Make sure on the POA that the address of Mom's home is fully stated, otherwise you could run into snags with the Settlement/Title Company at closing when the house sells if no address is mentioned.

Our Attorney also did a Medical Directive/Living Will.

You mentioned your Mom still owns her home. Hopefully your Mom had contacted her homeowners insurance carrier to let him/her know the home is vacant. If something should happen to the home and the insurance carrier wasn't notified the place was empty, the carrier may not pay for any damage. The insurance on a empty home is much higher was such homes are a higher risk.

Whew, things can get so complex as we age.
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I guess i do need to be more clear. We have had the DPOA drawn up she just wont sign it because she still thinks she can handle bills and money matters on her own and still thinks she will get pass this and get better. (We have been taking care of her finances for months with her money. My husband is on all her accounts) But she does own her own home and lives with us. The house needs to be sold and she will not sign the DPOA because she still thinks she is going home and going to be able to take care of all this on her own. We need the DPOA signed so that we can take care of the home. We are also starting to find paper work on other accounts she has that we didn't know about. My husband is an only child and their is no other family members except his children and they wont no part in her care or her situation at all. They are still young. The doctor is waiting on us to get it signed before he gives us the stage of dementia that she is in. She has had it for 5 years but we just found out October because she has stayed out of our lives (Her choice). She has a will but everything was left to her youngest son. He died at 22 years ago and she has never had it changed. We just want everything in order because she is getting worse and do not want any surprises in the future.
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Are the saying that you have a POA, but, it's not Durable? Well, the attorney should be able to tell you what you have, but, the issue is that if she is refusing to sign the DPOA, she isn't going to sign it. Even if she did want to sign it, the drafting attorney may ask her questions, interview her without family members present to make sure she understands and is freely doing this. If she's struggling....the attorney may not precede.

Depending on her status, I might inquire info from the attorney on Guardianship.
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Respect, Isthis! I'm glad you did get the right result for your father.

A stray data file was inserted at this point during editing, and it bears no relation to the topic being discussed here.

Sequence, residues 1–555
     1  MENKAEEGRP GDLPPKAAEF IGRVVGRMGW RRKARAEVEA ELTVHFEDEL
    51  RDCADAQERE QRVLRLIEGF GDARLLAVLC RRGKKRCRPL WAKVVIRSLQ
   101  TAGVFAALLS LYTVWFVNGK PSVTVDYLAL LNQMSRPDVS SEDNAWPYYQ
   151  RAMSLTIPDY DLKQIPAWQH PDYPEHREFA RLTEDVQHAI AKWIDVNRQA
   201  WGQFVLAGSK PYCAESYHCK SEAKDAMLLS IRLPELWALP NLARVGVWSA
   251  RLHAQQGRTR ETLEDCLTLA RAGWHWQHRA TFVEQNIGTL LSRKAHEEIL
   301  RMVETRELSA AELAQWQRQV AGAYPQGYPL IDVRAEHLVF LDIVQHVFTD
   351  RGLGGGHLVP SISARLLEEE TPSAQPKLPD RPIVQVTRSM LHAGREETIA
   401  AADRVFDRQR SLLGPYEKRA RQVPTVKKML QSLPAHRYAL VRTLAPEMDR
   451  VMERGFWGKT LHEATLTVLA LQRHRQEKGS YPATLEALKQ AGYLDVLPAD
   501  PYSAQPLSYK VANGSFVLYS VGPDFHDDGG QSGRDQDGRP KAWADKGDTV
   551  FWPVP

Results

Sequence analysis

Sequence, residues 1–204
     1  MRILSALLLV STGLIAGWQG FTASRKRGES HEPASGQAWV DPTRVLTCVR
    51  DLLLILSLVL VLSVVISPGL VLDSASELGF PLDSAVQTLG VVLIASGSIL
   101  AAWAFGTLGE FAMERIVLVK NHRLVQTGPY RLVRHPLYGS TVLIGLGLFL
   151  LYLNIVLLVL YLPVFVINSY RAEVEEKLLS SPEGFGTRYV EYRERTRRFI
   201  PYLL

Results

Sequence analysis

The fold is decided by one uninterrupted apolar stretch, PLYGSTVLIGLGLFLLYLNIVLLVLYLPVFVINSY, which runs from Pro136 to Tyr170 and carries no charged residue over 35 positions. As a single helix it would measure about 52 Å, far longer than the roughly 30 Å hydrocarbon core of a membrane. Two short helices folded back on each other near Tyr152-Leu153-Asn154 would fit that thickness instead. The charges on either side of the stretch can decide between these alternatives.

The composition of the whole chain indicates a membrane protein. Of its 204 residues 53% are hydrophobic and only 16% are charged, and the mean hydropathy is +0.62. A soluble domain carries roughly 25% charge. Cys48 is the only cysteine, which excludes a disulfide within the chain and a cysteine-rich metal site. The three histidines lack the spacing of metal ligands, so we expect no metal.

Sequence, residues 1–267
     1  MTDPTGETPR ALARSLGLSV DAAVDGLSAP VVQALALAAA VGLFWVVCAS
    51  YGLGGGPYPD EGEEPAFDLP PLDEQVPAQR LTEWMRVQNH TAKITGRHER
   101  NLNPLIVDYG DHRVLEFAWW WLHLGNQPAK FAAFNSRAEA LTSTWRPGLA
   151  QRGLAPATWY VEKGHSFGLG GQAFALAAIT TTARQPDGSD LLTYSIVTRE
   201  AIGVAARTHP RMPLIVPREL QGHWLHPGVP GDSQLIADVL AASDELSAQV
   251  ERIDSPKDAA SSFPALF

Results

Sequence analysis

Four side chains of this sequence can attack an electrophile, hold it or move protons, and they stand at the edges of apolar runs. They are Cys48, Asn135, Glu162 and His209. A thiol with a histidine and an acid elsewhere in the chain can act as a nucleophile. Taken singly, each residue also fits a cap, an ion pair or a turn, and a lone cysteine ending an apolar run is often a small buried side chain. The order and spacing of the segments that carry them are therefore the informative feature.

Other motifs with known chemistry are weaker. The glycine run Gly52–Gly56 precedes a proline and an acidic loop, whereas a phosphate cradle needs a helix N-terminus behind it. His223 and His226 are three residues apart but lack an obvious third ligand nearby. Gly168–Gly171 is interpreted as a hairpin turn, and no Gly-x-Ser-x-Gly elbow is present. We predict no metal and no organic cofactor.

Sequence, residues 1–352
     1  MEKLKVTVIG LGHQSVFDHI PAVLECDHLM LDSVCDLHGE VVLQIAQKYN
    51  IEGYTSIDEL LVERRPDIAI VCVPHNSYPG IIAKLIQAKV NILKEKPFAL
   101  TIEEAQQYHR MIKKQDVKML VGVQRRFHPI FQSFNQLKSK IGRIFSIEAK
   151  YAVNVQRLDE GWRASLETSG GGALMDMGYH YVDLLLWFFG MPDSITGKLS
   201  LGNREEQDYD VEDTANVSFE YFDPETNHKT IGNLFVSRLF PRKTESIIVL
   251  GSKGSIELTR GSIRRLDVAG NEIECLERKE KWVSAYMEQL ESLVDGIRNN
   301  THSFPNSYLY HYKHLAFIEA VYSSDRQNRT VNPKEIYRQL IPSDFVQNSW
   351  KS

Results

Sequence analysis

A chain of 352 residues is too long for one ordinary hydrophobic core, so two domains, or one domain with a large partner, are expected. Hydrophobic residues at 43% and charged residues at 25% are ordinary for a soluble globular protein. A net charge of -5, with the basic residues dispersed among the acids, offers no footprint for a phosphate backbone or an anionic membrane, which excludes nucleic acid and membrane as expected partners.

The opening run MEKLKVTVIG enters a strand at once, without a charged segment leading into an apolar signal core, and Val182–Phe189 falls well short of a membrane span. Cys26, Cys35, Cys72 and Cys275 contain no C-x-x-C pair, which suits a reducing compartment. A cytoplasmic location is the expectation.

Only... you do know what you told him about complete strangers and his wishes not being honoured wasn't true, right? Those court-appointed complete strangers would be just as bound as any family member to take his expressed preferences into account.

You couldn't be righter about responsibility without authority.
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I had to tell my dad that if he did not sign the DPOA, if he got hurt, had a stroke or something else that caused him to be incoherent or unconscious then complete strangers would have all the control and say about him, meaning his wishes would not be honored. He signed right away, the thought of strangers holding life and death decisions on him really woke him up. I also said that I would have to walk away because I could not go thru watching others do whatever because he didn't trust me. I felt threats were warranted and it worked. Responsibility without authority is to brutal to go through if it can be otherwise.

I pray for you and family that you can get her to sign.
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I'm not clear what you want to do.

Do you mean that there is already a DPOA in existence and you are waiting to spring it? If your MIL won't discuss it - you may understand why, I'm not sure I do - then you could try calling her bluff: go ahead and spring and let her try to stop you.

I'm also not clear what the doctor might be wanting to document that would be better not mentioned until the finances are in hand. Unless... do you mean that you *don't* have a DPOA yet, and he is trying to help you get one by not declaring your MIL incompetent until you do?
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Moving your question up so people with answer might see it.